Labyrinth Design and Symbolism

Medieval Understanding of Design

The medieval pattern carried the culmination of the medieval scientific understanding the world. Pythagorian beliefs that mathematical relationships constitute the true nature of the physical, the application of those mathematical relationships to the sun, moon and stars known as the harmony of the spheres, and its further application in constructing sacred geometry applied to the architecture and relationships of proportion within labyrinths and cathedrals. Labyrinth design served as the integration of the current science and religious meaning.

Due to this emphasis on the Pythagorean theory of mathematical relationships, numerology played a prevalent role in labyrinth symbology. An example in an 11th century copy of Boethius’ De Consolation Philosophiae produced in Abingdon, England is a six path labyrinth filled with a poem “Assumpta Est Maria ad Caelestria, Alleluia!” (Mary is assumed into heaven, alleluia!) One line of the exterior notes prays for the acceptance of “Siweard into the hall of the sevenfold heaven.” Thus, the seven concentric circles of the labyrinth are meant to represent the sevenfold heaven of the prayer. Saward notes (88) “Medieval scholars were forever debating the structure of the heavens and reviewing and renewing their terminology, but most agreed that the earth, surrounded by the orbits of the sun and the planets, was encircled by the fixed stars in the firmament. Beyond this lay additional spheres representing the spiritual heavens, further subdivided, where the saints and angels resided.”

In the Book of Gospels, by Otfrid of Weissenburg c.871AD, the addition of four more circuits to the classical pattern further aligns the labyrinth with Christian numerology, bringing the total circuits to 11. However, the perfection of the symbolism for the labyrinth arose with the visual and mathematical symmetry demonstrated in the 10th century in a manuscript from St. Germain-des-Pres, Paris. The 11 circuit labyrinth model has been redrawn to include not only the superimposed cross, but also a path symmetry. Of 35 movements from edge to center, the first 17 mirror the last 17, with the 18th movement providing the axis of symmetry. The 70 movements of the path to the center and return parallels the life expectation of 3 score years and 10 (Saward, 88).

Symbolic Numberology

Symbolic numerology gave meaning to each of the labyrinth’s aspects. The circles not only were related to the celestrial or heavenly spheres, but also were representative of perfection in form and representing the divine. The division of a concentric circles represented divine order or the greek idea of the logos, the separation and ordering of matter, a concept that Pythagorean ideas built upon.

The number of circuits, eleven, represented sin, transgression, excessiveness and incompleteness. Eleven is one more than the ten commandments, and one less than the twelve disciples- thus representing Judas, who betrayed Jesus. The eleven circuits came to symbolize the world of sin, with God/Christ at the center. (Kerr, 105) The center, or 12th circuit, is the multiple of 3, which signifies heaven and the trinity, and four, which signifies earth. (Altress, 58) As could be seen within the labyrinths in Algeria mentioned previously, the holy church, or the City of God, or divine rule, alternately symbolized the center – also suggesting the unity of heaven and earth.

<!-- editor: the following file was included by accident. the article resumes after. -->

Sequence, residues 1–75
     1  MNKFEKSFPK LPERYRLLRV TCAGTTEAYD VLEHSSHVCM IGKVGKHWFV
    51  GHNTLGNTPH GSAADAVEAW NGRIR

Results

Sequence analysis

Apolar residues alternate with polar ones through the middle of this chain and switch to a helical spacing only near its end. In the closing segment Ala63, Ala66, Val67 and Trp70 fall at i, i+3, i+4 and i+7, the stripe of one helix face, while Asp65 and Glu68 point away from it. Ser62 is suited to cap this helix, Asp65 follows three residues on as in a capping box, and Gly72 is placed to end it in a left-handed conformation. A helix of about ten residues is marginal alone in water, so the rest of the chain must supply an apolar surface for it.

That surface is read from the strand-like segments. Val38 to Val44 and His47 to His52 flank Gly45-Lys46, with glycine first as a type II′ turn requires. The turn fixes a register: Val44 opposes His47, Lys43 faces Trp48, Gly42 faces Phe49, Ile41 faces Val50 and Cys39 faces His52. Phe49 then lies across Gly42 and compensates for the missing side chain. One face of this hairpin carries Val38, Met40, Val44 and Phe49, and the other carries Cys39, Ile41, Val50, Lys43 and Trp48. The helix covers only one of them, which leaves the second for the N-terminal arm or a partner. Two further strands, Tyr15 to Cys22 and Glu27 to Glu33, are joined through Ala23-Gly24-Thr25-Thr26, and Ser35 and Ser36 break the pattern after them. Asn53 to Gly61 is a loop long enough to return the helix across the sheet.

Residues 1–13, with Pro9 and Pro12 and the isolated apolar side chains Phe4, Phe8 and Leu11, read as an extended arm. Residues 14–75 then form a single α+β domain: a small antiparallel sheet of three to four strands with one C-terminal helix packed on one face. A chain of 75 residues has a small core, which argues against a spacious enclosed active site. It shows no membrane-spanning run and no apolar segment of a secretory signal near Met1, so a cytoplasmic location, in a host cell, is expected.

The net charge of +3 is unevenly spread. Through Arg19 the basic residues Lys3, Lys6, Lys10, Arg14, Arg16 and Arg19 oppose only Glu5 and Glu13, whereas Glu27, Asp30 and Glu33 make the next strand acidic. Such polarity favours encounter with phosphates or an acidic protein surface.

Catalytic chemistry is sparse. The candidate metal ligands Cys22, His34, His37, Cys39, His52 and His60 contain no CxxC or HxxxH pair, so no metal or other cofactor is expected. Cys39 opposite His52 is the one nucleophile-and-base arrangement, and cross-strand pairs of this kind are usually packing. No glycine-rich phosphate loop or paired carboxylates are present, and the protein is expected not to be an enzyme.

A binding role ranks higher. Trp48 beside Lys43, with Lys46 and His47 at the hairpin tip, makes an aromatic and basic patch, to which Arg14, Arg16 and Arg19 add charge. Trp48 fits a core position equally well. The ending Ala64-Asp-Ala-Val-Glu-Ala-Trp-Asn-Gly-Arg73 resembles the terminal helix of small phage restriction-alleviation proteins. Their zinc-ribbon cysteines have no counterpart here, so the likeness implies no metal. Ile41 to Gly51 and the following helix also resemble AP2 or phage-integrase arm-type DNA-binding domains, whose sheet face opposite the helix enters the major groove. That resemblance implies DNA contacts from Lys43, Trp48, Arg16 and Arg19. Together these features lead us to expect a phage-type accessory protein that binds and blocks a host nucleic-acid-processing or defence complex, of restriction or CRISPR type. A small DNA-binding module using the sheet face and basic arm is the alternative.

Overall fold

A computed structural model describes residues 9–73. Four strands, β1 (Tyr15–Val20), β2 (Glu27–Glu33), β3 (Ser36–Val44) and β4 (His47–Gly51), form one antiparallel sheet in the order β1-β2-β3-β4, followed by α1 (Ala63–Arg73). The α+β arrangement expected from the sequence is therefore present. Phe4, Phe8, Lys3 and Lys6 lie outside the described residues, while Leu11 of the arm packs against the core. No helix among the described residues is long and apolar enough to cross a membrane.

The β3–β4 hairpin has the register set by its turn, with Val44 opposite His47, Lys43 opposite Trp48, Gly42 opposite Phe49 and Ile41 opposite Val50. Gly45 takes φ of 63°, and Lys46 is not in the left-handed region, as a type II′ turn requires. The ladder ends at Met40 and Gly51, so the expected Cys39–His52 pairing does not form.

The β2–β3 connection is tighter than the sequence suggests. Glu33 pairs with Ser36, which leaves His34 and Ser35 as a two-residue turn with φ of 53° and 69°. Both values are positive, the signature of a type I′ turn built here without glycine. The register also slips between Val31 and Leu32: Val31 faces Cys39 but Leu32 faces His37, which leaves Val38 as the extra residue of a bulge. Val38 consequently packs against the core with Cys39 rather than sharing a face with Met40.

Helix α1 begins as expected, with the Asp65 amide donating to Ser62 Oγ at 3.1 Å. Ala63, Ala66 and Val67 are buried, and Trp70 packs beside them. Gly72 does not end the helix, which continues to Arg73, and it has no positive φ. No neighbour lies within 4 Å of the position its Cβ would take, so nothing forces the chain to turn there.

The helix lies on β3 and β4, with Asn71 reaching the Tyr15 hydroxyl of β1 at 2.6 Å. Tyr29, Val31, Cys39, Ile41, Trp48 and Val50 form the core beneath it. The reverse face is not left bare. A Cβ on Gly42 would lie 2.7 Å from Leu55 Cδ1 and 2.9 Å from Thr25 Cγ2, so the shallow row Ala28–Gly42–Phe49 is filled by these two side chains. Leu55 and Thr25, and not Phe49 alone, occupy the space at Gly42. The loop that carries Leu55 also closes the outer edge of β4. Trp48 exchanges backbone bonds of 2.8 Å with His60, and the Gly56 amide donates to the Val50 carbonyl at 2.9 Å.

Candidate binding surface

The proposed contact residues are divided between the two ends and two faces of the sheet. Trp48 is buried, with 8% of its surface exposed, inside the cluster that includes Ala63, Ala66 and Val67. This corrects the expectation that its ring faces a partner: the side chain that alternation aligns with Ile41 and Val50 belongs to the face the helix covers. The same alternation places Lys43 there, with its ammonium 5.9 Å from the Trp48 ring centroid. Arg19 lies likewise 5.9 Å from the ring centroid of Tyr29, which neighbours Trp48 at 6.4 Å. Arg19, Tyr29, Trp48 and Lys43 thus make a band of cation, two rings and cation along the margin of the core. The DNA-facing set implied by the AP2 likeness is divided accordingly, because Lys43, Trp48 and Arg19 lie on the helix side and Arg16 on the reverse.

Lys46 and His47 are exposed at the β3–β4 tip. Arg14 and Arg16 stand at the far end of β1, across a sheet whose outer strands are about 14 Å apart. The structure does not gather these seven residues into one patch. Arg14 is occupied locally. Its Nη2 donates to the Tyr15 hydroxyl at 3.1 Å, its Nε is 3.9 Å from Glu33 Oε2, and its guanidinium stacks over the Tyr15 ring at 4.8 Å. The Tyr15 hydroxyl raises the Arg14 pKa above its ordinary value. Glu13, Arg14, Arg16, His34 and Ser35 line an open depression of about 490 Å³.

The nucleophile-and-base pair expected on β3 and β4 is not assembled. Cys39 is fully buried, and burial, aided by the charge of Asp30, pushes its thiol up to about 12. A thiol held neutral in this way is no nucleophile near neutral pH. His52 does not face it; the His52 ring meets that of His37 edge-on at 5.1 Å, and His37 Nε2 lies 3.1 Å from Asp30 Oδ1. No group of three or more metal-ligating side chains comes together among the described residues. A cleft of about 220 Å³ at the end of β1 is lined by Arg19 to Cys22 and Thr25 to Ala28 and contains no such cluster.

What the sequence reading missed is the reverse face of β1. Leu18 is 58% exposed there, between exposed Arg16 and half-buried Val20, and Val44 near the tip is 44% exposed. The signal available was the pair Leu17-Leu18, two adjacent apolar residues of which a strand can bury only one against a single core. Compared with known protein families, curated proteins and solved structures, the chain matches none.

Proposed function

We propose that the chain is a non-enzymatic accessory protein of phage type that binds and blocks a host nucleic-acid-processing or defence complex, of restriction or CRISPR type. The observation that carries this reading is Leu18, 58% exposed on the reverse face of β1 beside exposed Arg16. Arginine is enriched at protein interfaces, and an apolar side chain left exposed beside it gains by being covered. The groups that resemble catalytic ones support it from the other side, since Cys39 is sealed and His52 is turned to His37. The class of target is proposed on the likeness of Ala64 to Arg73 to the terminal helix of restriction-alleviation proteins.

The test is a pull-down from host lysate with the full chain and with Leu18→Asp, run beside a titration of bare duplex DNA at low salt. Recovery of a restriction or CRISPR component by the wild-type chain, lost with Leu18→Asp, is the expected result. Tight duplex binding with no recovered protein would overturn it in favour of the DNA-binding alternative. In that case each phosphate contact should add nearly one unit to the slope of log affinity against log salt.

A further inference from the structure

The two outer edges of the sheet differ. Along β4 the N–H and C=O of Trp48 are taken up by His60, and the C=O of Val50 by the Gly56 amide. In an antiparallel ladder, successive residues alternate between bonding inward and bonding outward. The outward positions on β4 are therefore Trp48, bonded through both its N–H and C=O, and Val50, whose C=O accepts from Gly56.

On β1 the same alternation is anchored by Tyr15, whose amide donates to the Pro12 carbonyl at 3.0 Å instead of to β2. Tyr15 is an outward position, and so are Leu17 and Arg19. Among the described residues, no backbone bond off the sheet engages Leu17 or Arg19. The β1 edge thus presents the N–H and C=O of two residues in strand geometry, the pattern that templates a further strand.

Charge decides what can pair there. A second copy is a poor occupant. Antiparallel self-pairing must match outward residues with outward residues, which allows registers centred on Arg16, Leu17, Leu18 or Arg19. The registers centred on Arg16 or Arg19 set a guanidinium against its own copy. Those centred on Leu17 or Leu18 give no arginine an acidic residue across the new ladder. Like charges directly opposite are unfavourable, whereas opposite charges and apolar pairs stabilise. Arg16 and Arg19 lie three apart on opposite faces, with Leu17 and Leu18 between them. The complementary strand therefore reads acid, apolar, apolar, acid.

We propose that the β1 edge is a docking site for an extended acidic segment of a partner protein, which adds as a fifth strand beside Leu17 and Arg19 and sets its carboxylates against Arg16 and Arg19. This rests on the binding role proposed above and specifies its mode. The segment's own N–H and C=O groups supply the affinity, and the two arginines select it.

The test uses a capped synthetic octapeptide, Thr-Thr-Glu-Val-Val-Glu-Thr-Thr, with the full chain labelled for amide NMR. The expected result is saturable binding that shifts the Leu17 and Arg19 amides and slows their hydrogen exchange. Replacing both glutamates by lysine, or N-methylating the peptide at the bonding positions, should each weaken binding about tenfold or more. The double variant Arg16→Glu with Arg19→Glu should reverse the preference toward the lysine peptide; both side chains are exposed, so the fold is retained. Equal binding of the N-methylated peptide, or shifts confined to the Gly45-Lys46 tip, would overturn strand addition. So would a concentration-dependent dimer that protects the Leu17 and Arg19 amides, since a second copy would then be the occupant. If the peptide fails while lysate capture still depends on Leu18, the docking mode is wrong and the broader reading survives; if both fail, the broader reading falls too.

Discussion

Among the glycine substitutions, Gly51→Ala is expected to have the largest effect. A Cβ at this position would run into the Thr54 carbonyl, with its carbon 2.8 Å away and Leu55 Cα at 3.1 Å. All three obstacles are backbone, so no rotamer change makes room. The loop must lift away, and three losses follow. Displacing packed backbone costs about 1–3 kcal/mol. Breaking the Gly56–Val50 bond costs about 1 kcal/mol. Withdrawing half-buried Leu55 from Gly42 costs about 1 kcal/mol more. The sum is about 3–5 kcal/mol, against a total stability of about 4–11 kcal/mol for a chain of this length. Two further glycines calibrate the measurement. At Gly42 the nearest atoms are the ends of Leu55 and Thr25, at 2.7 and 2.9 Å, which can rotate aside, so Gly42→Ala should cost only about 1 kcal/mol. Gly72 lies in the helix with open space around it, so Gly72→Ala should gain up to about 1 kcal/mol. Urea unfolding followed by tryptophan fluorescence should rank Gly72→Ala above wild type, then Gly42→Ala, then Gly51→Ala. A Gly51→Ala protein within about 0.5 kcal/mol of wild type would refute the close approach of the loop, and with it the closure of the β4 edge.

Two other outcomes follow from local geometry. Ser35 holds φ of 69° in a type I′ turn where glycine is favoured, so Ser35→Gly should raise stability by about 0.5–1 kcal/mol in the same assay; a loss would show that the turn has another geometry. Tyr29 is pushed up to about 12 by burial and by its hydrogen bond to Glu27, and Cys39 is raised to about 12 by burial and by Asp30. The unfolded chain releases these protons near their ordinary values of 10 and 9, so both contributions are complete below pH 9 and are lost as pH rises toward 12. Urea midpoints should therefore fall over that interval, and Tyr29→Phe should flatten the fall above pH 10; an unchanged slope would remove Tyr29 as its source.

Interestingly, the concept of the world of sin is also emphasized by the orientation of the labyrinth pattern within both manuscripts and the churches. (Kerr, 106) The labyrinths faced west, the direction of the setting sun, a symbol of death and sin. Facing east to enter the labyrinth evoked the metaphor of the facing the rising Sun, symbolizing the risen and triumphant Christ and progressing towards the center Christ, or God, and of leaving sin and death behind. The manuscript labyrinth evoked this metaphor following the medieval cartographic tradition of west being at the bottom and east, the top of the page. Within the cathedrals, whose entrances faced west following the same symbolism, the labyrinths were placed facing the entrances and between the entrance and the altar. Thus, penitents entering the church and leaving behind the world, were faced with the symbolic journey to God and rebirth, before nearing the sacred and holy space of the altar area beyond. A similar usage is even more readily seen in a stone relief labyrinth at Lucca which remains intact next to the entrance. The fingertips of centuries have worn the stone smooth as the pattern helped prepare the devout to enter within. Kerr notes (144) “the act of tracing the labyrinth path was thought to purify the Christian soul, to prepare it for meeting its Maker. The function of the labyrinth to redirect one’s life toward God by compelling one to expect a hitherto worldly way of life for a spiritual one recalls the symbol’s initiatory role in pagan antiquity (the Game of Troy) and in later accounts of it serving as a path of repentance. The labyrinth of sin and the path of purification both pose the question of redemption answered by the cruciform shape of the labyrinth.”